Tuesday, May 5, 2015
Sunday's gospel lesson (John 15:9-17) is full of significant words and concepts, each of which deserves its own sermon. One can't (or certainly shouldn't) preach on them all. So, in preparation for Sunday, think about these words. Think about what they mean to you. Imagine what they might have meant to Jesus and to his disciples. Trust that there is an opportunity for the deepening of our faith at the points where they overlap and where they depart.
What does love look like? What does it feel like? Yes, it is patient and kind, but it is more than that. The love of which Jesus speaks is the kind of love that enables someone to lay down his life for another. Love is giving. Love is yielding. Love seeks the benefit of the other rather than the self. It does not insist on its own way. God is love. Love unites the Father and Son and Spirit. Love binds us to God and to one another.
What does it mean to abide--to dwell, to linger, to bathe--in love? We are asked to soak ourselves, drench ourselves, in Jesus' love. That is where we begin. That is where we remain. To abide is more than a home to which we return at the end of the day just as love is more than a baseline for our operations. We are grounded in that love. Our life draws its source from that love. It is our substrate. It is the material from which we spring. It is that from which we can never be separated.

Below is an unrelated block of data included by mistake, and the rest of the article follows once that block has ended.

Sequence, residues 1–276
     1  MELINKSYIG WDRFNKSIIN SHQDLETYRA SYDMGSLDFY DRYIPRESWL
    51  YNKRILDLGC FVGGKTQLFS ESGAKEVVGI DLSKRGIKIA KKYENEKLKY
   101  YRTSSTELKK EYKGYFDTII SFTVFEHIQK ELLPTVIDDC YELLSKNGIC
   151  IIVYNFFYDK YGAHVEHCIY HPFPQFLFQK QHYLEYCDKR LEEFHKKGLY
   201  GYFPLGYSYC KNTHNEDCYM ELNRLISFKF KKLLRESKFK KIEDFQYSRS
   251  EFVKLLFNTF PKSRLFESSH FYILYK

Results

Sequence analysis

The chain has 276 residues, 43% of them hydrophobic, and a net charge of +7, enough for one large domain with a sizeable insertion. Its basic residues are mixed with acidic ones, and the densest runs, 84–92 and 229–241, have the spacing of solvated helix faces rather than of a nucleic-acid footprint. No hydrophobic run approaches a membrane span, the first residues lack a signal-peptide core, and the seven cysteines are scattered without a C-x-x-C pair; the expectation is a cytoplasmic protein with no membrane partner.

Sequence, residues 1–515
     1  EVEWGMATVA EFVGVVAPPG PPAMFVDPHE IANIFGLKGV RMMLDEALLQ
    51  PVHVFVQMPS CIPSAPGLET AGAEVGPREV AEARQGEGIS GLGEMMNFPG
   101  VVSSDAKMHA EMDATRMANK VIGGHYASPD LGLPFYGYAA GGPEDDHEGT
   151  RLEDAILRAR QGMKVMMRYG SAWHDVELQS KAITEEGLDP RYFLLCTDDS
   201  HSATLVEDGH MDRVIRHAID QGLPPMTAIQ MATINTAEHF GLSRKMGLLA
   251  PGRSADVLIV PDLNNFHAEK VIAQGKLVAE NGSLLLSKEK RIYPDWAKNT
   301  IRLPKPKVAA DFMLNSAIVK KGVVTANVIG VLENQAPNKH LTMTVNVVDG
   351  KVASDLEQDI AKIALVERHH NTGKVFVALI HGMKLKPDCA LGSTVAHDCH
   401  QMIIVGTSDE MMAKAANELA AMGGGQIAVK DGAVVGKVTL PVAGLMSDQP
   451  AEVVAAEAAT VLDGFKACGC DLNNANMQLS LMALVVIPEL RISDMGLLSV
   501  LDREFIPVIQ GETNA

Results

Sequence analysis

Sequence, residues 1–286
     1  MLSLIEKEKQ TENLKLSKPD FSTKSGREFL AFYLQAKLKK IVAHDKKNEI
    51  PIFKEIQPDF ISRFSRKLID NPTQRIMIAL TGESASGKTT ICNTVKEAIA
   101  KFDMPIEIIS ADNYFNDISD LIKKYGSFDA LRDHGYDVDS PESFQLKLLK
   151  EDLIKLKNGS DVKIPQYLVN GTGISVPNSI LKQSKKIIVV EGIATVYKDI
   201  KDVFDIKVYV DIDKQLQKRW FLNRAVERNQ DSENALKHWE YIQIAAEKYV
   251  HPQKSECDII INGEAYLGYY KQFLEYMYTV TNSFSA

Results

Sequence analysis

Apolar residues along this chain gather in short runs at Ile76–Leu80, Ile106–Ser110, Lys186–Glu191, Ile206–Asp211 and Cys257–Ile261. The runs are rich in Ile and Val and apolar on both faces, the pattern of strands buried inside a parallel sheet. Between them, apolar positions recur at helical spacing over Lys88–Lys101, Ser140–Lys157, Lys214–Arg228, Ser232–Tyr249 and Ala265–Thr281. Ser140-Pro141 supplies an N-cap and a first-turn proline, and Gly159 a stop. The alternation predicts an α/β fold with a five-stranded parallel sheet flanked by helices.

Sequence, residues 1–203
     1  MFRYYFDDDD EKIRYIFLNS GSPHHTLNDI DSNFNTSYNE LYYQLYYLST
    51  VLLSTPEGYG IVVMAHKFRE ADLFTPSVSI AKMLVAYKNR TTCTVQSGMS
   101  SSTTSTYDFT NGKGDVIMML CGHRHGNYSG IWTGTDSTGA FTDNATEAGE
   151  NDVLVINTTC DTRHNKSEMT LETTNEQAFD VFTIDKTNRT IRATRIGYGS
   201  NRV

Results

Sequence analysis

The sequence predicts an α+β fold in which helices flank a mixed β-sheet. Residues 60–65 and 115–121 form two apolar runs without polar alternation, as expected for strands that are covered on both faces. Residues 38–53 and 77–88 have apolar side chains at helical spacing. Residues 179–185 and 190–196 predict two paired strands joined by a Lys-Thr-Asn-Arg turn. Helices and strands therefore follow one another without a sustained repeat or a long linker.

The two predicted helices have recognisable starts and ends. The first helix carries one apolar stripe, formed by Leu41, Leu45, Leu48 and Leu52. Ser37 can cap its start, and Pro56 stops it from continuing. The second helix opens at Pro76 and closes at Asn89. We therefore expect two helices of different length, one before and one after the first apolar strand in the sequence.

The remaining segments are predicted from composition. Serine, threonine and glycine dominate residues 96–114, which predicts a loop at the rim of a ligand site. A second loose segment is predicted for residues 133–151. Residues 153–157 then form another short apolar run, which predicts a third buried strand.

Thou shalt not... Do this or else... Let us kneel together for the Decalogue and responses, which begin on page 317 in the Book of Common Prayer. Commandments are the dictates from on high. They are the rules, the laws, the unbreakable boundaries. But this one is different. This is Jesus' commandment--that we love one another as he has loved us. To keep that commandment is to abide in his love. Those who keep that commandment are named by Jesus as his friends. This commandment is given so that we may love one another.
Are you happy or joyful? What's the difference? Does God want you to be happy or joyful? What's the difference? Joy evokes in my heart a sense of satisfaction that happiness doesn't always bring. Happiness is fleeting while joy persists. Happiness can be defeated by the storms of life, but nothing can shake us from the joy God bestows in our hearts. God, let your people sing with joy even in moments of desperate unhappiness.
Social media has changed the meaning of friend. Well, maybe not changed it but diluted it. Still, friend feels like such a twentieth-century word--a fashionable, post-WWII invention. Of course, friendship is as old as humanity, and it meant as much--probably more--to Jesus than to us. What does it mean to call Jesus your friend? What does it mean for Jesus to call you his friend?
This time of year it's strawberries. Soon it will be blackberries and then watermelon. It's apples, too, but those are good all year long. What does it mean to bear fruit? What does it mean to be fruitful? Jesus has set us apart to bear fruit--lasting fruit, fruit for the kingdom. Fruit has a season. Fruit is to be picked. Fruit is beautiful to behold and delightful on the tongue. What about us? Is that what kind of fruit we are?